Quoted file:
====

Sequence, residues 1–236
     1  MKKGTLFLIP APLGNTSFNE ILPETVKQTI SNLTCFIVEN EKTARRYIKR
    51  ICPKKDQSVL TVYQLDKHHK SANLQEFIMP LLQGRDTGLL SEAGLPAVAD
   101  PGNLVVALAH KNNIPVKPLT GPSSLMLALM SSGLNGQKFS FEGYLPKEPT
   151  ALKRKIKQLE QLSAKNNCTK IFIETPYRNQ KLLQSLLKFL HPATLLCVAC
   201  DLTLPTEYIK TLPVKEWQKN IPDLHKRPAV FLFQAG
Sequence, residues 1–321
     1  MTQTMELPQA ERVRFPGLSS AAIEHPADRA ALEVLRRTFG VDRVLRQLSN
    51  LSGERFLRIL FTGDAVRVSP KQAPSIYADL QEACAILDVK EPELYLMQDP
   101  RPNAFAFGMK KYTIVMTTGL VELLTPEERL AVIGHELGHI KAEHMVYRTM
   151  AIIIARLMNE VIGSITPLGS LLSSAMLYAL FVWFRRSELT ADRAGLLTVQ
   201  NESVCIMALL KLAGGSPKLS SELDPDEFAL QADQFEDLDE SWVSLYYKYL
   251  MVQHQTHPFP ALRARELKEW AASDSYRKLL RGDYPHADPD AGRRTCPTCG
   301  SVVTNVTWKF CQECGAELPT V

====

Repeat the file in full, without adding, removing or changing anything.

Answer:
Sequence, residues 1–236
     1  MKKGTLFLIP APLGNTSFNE ILPETVKQTI SNLTCFIVEN EKTARRYIKR
    51  ICPKKDQSVL TVYQLDKHHK SANLQEFIMP LLQGRDTGLL SEAGLPAVAD
   101  PGNLVVALAH KNNIPVKPLT GPSSLMLALM SSGLNGQKFS FEGYLPKEPT
   151  ALKRKIKQLE QLSAKNNCTK IFIETPYRNQ KLLQSLLKFL HPATLLCVAC
   201  DLTLPTEYIK TLPVKEWQKN IPDLHKRPAV FLFQAG
Sequence, residues 1–321
     1  MTQTMELPQA ERVRFPGLSS AAIEHPADRA ALEVLRRTFG VDRVLRQLSN
    51  LSGERFLRIL FTGDAVRVSP KQAPSIYADL QEACAILDVK EPELYLMQDP
   101  RPNAFAFGMK KYTIVMTTGL VELLTPEERL AVIGHELGHI KAEHMVYRTM
   151  AIIIARLMNE VIGSITPLGS LLSSAMLYAL FVWFRRSELT ADRAGLLTVQ
   201  NESVCIMALL KLAGGSPKLS SELDPDEFAL QADQFEDLDE SWVSLYYKYL
   251  MVQHQTHPFP ALRARELKEW AASDSYRKLL RGDYPHADPD AGRRTCPTCG
   301  SVVTNVTWKF CQECGAELPT V